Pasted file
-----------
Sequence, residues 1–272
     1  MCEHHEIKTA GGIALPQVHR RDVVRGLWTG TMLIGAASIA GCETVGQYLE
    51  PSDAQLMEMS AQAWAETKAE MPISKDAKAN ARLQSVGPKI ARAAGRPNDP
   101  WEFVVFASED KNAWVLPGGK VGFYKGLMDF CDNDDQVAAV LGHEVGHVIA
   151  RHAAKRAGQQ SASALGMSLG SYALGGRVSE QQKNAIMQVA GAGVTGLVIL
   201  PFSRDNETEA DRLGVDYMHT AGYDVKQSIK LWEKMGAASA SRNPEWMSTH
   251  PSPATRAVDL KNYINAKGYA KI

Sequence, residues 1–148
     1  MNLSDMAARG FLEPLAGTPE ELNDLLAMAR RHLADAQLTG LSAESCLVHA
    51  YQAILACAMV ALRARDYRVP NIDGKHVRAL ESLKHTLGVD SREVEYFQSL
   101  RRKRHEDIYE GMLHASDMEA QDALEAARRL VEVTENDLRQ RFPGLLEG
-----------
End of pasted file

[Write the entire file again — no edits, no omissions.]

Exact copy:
Sequence, residues 1–272
     1  MCEHHEIKTA GGIALPQVHR RDVVRGLWTG TMLIGAASIA GCETVGQYLE
    51  PSDAQLMEMS AQAWAETKAE MPISKDAKAN ARLQSVGPKI ARAAGRPNDP
   101  WEFVVFASED KNAWVLPGGK VGFYKGLMDF CDNDDQVAAV LGHEVGHVIA
   151  RHAAKRAGQQ SASALGMSLG SYALGGRVSE QQKNAIMQVA GAGVTGLVIL
   201  PFSRDNETEA DRLGVDYMHT AGYDVKQSIK LWEKMGAASA SRNPEWMSTH
   251  PSPATRAVDL KNYINAKGYA KI

Sequence, residues 1–148
     1  MNLSDMAARG FLEPLAGTPE ELNDLLAMAR RHLADAQLTG LSAESCLVHA
    51  YQAILACAMV ALRARDYRVP NIDGKHVRAL ESLKHTLGVD SREVEYFQSL
   101  RRKRHEDIYE GMLHASDMEA QDALEAARRL VEVTENDLRQ RFPGLLEG